|Recommended name:||Potassium channel subfamily K member 2|
|Sequence length:||426 AA.|
The potassium channel, subfamily K, member 2 is a channel protein encoded by the KCNK2 gene. In small diameter sensory neurons TREK1 is often co-expressed with TRPV1.
TREK-1 is formed by two homodimers, which lead potassium into the cell and therefore
control the resting membrane potential. The carboxyl and amino termini are located
at the intracellular site. It can be activated by certain anesthetics, membrane
stretching, intracellular acidosis, heat or phospholipids, such as
phosphatidylinositol. Because of its contribution to physiological,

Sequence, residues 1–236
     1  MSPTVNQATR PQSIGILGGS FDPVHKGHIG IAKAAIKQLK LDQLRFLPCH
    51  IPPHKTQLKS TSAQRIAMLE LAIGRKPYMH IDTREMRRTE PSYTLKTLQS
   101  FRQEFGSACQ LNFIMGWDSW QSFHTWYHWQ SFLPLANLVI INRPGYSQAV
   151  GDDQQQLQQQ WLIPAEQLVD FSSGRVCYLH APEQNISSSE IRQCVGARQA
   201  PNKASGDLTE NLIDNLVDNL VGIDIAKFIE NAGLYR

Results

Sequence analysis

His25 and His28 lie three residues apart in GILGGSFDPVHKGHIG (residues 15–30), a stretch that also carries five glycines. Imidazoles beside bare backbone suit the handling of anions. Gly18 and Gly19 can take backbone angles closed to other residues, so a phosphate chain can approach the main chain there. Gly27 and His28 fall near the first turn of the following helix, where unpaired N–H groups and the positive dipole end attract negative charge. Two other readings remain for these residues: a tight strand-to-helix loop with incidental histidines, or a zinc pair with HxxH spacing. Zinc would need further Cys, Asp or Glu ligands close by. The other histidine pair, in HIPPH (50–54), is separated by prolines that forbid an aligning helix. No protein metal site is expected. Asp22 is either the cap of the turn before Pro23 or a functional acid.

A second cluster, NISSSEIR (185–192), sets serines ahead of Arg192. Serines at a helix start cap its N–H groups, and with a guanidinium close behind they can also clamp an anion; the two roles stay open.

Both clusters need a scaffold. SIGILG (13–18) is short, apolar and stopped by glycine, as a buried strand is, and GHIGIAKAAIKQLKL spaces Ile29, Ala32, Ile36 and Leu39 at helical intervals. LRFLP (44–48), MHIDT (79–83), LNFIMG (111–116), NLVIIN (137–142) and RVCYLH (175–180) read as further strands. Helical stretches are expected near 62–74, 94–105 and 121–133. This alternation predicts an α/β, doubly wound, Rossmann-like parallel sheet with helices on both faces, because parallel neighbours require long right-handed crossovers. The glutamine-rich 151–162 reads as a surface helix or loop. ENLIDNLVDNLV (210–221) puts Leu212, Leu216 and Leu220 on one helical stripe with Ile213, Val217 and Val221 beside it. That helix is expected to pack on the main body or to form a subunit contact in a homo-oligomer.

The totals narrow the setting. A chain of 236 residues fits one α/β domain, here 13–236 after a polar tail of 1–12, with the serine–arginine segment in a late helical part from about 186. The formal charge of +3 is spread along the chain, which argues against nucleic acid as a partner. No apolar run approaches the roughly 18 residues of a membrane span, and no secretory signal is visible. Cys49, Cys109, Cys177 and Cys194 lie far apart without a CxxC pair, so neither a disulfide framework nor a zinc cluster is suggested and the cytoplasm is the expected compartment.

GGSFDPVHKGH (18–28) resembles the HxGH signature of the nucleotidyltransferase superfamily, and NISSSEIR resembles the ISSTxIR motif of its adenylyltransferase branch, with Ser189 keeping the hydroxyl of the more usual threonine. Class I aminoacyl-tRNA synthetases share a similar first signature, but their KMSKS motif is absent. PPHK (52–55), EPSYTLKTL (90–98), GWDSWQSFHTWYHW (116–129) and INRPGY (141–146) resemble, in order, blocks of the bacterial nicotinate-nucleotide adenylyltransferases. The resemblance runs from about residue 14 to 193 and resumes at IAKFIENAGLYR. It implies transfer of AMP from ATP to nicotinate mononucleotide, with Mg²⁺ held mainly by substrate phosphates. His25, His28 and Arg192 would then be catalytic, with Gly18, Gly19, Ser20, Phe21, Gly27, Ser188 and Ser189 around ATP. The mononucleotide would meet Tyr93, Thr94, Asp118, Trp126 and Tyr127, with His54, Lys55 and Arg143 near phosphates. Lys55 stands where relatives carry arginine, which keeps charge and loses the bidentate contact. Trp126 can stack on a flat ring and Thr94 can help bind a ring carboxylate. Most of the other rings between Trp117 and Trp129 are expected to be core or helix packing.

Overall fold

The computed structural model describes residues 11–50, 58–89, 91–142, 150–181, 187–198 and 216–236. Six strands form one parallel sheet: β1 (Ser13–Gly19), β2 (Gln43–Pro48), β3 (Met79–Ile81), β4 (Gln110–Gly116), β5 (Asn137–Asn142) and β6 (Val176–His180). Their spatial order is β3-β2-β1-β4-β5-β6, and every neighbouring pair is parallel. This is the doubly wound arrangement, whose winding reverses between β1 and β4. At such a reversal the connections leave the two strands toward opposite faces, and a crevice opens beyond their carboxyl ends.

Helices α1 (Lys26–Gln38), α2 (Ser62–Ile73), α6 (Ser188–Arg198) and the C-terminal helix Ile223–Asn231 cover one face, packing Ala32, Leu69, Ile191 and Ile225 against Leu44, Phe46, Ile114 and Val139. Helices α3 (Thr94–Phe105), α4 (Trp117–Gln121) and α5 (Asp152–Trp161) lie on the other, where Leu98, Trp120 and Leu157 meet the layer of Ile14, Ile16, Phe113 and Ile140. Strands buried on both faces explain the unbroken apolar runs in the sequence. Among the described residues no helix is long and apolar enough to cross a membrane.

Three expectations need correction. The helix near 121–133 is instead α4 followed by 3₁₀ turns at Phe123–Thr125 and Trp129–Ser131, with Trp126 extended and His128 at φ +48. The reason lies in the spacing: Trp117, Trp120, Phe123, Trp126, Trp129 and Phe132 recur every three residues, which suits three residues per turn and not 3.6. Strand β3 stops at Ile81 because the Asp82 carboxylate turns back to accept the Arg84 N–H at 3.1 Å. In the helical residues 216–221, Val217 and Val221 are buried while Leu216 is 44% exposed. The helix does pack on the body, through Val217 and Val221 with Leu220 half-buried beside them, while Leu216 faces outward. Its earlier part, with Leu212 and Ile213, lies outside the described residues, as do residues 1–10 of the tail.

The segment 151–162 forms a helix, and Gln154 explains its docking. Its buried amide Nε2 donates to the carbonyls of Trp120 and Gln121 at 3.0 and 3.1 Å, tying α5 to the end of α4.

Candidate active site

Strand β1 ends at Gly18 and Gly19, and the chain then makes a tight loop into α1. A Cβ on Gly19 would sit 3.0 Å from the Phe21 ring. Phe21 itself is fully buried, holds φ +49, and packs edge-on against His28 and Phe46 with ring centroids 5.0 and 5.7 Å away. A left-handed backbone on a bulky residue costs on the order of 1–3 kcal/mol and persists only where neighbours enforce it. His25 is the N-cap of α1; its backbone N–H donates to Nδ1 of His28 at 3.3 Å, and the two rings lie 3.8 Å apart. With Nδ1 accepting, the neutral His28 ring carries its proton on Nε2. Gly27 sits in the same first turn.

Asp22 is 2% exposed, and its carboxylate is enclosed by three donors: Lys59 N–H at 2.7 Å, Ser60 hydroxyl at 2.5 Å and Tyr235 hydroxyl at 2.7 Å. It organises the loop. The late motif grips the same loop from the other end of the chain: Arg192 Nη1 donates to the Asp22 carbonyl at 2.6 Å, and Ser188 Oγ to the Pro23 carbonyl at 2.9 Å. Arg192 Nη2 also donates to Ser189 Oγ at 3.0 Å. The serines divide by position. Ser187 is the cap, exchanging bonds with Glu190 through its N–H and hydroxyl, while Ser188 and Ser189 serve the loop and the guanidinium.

pathophysiological, and pharmacological processes, TREK-1 has a crucial role in the
therapy of epilepsy, as well as brain and spinal chord ischemia. It is also been
shown that membrane phospholipids like PIP2 control channel gating of TREK-1. If
sensory neurons are stimulated with heat, the co-expression with TRPV1 leads to a
modulation of TRPV1 activity therefore is an interesting target for pain management.
These models are based on different template structures, which show sequence similarity to TREK-1.